To test systematically if spinal manipulative treatments (SMT) and the audible release associated with SMT cause activation of spinal muscles.
Experimental pilot study.
Human Performance Laboratory, The University of Calgary.
One male and one female asymptomatic volunteer.
Slow and fast SMTs to the left transverse process of thoracic vertebrae using a reinforced hypothenar contact. The treatment forces were directed in a posterior-to-anterior direction with the subjects in a prone position.
Main Outcome Measures:
Forces applied by the chiropractor during SMT. Measurements of the audible release using skin-mounted accelerometers. Electromyographical activity of selected spinal muscles.
Electromyographical (EMG) activity was observed consistently 50-100 msec after the onset of each of the fast SMTs, whether the treatment resulted in an audible release or not; for slow SMTs, there was never any visible electromyographical activity of the target muscles, whether the treatment resulted in an audible release or not.
The results of this study suggest that fast treatment thrusts elicit muscle activation, whereas slow force application does not. The timing of the onset of the EMG response suggests that activation may be produced by a reflex response originating in the muscle spindles. It also appears that the audible release does not (by itself) evoke muscle activation or a joint proprioceptive reflex response as has been speculated in the literature.
J Manipulative Physiol Ther. 1995 May;18(4):233-6. [PMID:7636413]
Author information: W. Herzog, PhD.; P.J. Conway, DC; Y.T. Zhang, PhD.; J. Gal, PhD; A.C.S. Guimaraes. Faculty of Physical Education, University of Calgary, Alberta, Canada.
Subject: The Activator Adjusting Instrument – Biomechanical
Reference: Tony S. Keller; J.B. Lehneman…Musculoskeletal Research Lab, February 1994: pp.1-16
Introduction: The Activator Adjusting Instrument (AAI) is a devise used for chiropractic manipulations. The device is intended to produce repeatable impacts (manipulations) at various force settings. The force is easily adjusted by turning the small knob on the lower part of the device.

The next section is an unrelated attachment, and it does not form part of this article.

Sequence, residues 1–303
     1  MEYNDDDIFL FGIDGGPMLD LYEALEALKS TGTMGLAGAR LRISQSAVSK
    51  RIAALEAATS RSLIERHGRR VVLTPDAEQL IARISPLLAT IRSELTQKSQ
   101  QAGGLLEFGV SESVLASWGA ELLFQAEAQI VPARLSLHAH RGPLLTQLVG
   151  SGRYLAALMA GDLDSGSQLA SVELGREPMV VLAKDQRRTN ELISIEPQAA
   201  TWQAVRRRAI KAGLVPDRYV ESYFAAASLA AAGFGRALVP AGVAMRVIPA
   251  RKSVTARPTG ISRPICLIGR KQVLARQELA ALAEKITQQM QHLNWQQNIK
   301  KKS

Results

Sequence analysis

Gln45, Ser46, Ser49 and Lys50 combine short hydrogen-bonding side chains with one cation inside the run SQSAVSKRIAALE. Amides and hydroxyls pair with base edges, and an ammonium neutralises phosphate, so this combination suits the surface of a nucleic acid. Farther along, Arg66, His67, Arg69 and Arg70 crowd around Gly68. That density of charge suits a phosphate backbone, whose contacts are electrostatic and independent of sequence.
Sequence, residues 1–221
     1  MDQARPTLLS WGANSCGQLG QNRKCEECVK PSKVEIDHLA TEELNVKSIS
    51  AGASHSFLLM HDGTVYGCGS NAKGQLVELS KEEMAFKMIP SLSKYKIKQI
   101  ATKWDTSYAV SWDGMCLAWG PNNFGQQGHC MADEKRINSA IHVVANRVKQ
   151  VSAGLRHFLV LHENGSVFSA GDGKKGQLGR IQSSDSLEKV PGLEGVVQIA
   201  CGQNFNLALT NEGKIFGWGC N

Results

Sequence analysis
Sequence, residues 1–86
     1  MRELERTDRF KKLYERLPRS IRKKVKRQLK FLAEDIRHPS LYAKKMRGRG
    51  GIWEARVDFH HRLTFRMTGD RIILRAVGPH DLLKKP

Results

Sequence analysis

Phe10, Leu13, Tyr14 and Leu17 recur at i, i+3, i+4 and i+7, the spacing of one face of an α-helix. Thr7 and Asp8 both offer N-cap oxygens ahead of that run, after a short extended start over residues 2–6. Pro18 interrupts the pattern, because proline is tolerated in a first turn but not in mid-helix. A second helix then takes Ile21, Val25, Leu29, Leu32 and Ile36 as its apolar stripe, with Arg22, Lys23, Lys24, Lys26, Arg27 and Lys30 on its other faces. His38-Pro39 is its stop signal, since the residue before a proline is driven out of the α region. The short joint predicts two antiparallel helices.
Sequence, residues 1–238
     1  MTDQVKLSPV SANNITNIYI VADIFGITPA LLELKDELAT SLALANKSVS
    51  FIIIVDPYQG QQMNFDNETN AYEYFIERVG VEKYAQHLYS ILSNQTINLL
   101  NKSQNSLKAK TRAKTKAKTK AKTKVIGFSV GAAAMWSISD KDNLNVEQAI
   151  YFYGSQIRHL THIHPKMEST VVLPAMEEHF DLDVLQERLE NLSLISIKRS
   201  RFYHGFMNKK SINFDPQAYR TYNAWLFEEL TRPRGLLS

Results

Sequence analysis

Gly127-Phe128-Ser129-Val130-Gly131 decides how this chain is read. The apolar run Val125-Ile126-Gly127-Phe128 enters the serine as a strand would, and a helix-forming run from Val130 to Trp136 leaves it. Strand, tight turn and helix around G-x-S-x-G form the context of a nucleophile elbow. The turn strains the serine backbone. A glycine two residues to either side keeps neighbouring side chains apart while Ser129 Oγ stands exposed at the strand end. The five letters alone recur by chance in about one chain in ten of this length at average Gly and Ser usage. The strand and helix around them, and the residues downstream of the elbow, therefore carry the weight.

Objective: The purpose of this study is to determine the effect of the force setting, and preload on the actual force delivered by the AAi to the impact surface.
To date, the diagnosis of whiplash injuries has been very difficult and largely based on subjective, clinical assessment. The work by Winters and Peles Multiple Muscle Systems–Biomechanics and Movement Organization. Springer, New York (1990) suggests that the use of finite helical axes (FHAs) in the neck may provide an objective assessment tool for neck mobility. Thus, the position of FHA describing head-trunk motion may allow discrimination between normal and pathological cases such as decreased mobility in particular cervical joints. For noisy, unsmoothed data, the FHAs must be taken over rather than large angular intervals if the FHAs are to be reconstructed with sufficient accuracy; in the Winters and Peles study, these intervals were approximately 10 degrees.
In order to study the movements’ microstructure, the present investigation uses instantaneous helical axes (IHAs) estimated from low-pass smoothed video data. Here, the small-step noise sensitivity of the FHA no longer applies, and proper low-pass filtering allows estimation of the IHA even small rotation velocity omega of the moving neck. For marker clusters mounted on the head and trunk, technical system validation showed that the IHAs direction dispersions were on the order of one degree, while their position dispersions were on the order of 1 mm, for low-pass cut-off frequencies of a few Hz (the dispersions were calculated from omega-weighted errors, in order to account for the adverse effects of vanishing omega).
Various simple, planar models relating the instantaneous, 2-D centre of rotation with the geometry and kinematics of a multi-joint neck model are derived, in order to gauge the utility of the FHA and IHA approaches.
Some preliminary results on asymptomatic and pathological subjects are provided, in terms of the ‘ruled surface’ formed by sampled IHAs and of their piercing points through the mid-sagittal plane during a prescribed flexion-extension movement of the neck.
J Biomechanics. 1994; 27(12):1415-32.
Author information: Woltring HJ, Long K, Osterbauer PJ, Fuhr AW. Whiplash Analysis, Inc. Phoenix, AZ.